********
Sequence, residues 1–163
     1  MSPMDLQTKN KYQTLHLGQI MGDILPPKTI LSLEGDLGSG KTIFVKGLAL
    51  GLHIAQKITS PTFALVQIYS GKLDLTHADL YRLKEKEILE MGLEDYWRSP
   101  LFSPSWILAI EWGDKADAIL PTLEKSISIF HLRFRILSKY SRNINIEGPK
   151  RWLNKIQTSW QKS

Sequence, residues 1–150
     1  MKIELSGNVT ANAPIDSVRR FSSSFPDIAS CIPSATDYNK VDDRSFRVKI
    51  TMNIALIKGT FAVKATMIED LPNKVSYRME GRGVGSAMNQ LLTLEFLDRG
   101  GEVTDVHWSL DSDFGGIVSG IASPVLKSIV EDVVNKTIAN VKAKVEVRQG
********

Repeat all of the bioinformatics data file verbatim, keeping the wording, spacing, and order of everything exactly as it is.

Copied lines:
Sequence, residues 1–163
     1  MSPMDLQTKN KYQTLHLGQI MGDILPPKTI LSLEGDLGSG KTIFVKGLAL
    51  GLHIAQKITS PTFALVQIYS GKLDLTHADL YRLKEKEILE MGLEDYWRSP
   101  LFSPSWILAI EWGDKADAIL PTLEKSISIF HLRFRILSKY SRNINIEGPK
   151  RWLNKIQTSW QKS

Sequence, residues 1–150
     1  MKIELSGNVT ANAPIDSVRR FSSSFPDIAS CIPSATDYNK VDDRSFRVKI
    51  TMNIALIKGT FAVKATMIED LPNKVSYRME GRGVGSAMNQ LLTLEFLDRG
   101  GEVTDVHWSL DSDFGGIVSG IASPVLKSIV EDVVNKTIAN VKAKVEVRQG